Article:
Stratton et al recommends soaking the cleaned seed in hot or room temperature water for 1 to 24 hours. Criley recommends either a 24 hour soak or scarification.

Plant the seeds in a well drained mix such as 3 parts perlite to 1 part sterile potting soil or 3 parts #2 perlite to 1 part Sunshine Mix #4. Keep the medium moist until germination. Place them in a shady covered location to maintain soil moisture and control rain damage. Can also be germinated in full sun if adequate soil moisture is maintained. Germination time is erratic and can take from 10 days to 3 months. (Mew gives germination time of 3 to 8 months.) Germination rates are also extremely variable.

Seeds of Sida fallax can be stored after being cleaned and air dried. Place them in a paper bag or envelope and put them in an airtight container with desiccant. Stratton suggests storing the dried seeds in a cool place at 25% relative humidity. Yoshinaga's tests indicate that seeds stored at 39 degrees F and 10% humidity retained some viability for 2 years. (Criley 1999; Lilleng-Rosenberger 1998; Mew 1987; NTBG 1994; Stratton 1998; Yoshinaga 1998)

Propagation by Cuttings
Sida fallax can be grown from cuttings. Criley recommends using a rooting hormone of 2,000 parts per million (ppm) indolebutyric acid (IBA) in either a liquid or a talc dust form. He suggests either 1 part coarse perlite to 1 part vermiculite or 100% vermiculite as a rooting medium and rooting the cuttings under 30% shade. He cautions, however, that extremely wet conditions, such as often found when using intermittent misting systems, causes leaf drop and poor rooting.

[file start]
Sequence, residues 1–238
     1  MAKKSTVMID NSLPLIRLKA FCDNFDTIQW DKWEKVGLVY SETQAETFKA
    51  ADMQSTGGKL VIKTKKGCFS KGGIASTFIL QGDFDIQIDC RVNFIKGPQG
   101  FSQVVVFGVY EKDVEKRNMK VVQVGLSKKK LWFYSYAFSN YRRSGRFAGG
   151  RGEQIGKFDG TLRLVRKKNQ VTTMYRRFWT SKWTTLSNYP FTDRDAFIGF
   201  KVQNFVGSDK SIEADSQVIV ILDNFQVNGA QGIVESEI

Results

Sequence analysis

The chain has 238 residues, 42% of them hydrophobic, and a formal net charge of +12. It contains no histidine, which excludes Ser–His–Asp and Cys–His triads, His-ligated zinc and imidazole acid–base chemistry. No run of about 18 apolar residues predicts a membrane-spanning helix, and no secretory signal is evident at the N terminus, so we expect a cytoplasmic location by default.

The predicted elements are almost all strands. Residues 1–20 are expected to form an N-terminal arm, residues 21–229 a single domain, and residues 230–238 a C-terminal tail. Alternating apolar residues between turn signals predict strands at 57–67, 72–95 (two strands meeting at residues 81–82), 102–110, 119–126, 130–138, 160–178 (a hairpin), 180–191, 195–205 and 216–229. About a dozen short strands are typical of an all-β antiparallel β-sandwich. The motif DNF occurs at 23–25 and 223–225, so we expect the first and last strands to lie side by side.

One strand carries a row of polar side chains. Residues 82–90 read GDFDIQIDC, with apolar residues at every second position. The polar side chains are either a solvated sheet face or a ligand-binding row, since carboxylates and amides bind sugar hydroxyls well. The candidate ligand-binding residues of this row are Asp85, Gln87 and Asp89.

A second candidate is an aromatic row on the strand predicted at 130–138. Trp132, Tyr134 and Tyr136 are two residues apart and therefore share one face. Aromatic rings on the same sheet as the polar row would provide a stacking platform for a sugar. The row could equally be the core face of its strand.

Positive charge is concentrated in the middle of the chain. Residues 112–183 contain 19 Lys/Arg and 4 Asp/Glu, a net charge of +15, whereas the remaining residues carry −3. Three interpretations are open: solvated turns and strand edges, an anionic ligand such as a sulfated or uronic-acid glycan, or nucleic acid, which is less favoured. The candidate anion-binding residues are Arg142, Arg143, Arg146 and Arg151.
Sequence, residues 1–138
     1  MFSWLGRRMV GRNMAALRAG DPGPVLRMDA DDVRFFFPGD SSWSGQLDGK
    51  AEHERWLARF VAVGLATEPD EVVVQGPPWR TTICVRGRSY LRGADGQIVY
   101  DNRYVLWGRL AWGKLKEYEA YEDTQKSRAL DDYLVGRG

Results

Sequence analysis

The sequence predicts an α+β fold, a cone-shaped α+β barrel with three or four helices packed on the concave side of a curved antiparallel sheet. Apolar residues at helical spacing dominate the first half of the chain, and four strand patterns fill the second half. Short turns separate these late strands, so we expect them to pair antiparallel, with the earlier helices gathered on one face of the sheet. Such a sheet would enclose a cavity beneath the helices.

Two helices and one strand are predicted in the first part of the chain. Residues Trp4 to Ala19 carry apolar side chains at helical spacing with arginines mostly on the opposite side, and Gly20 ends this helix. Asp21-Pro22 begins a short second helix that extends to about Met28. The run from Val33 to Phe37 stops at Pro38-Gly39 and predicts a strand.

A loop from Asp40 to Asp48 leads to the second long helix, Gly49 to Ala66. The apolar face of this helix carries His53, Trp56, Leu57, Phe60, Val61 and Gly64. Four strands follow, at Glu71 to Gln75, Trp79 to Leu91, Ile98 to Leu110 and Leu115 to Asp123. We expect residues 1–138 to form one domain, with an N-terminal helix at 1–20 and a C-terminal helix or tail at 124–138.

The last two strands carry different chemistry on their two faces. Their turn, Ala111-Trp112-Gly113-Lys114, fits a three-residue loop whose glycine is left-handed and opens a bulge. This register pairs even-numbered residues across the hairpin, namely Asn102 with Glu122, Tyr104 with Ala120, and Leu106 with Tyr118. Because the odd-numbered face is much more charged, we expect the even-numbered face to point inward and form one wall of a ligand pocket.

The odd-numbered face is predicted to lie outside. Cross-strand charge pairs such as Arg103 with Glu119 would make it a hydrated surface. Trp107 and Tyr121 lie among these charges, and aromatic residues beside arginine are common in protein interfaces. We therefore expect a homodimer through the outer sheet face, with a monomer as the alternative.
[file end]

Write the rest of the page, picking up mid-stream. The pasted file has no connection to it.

Boche reports 85% success rate using stem and tip cuttings grown in 50% shade using a medium of 3 parts peat moss to 1 part vermiculite. Stratton reports 80 to 90% success rates from cuttings but does not detail the procedures used. (Boche 1992; Criley 1999; Stratton 1998)

Propagation by Division
Not applicable.
Propagation by Air Layers
No information located to date.
Propagation by Grafting
No information located to date.
Propagation by Tissue Culture
No information located to date.
Boche, Kenneth. 1992. Unpublished paper on propagation of selected native Hawaiian and Polynesian introduced plants: Hawaiian Studies, University of Hawaii at Hilo.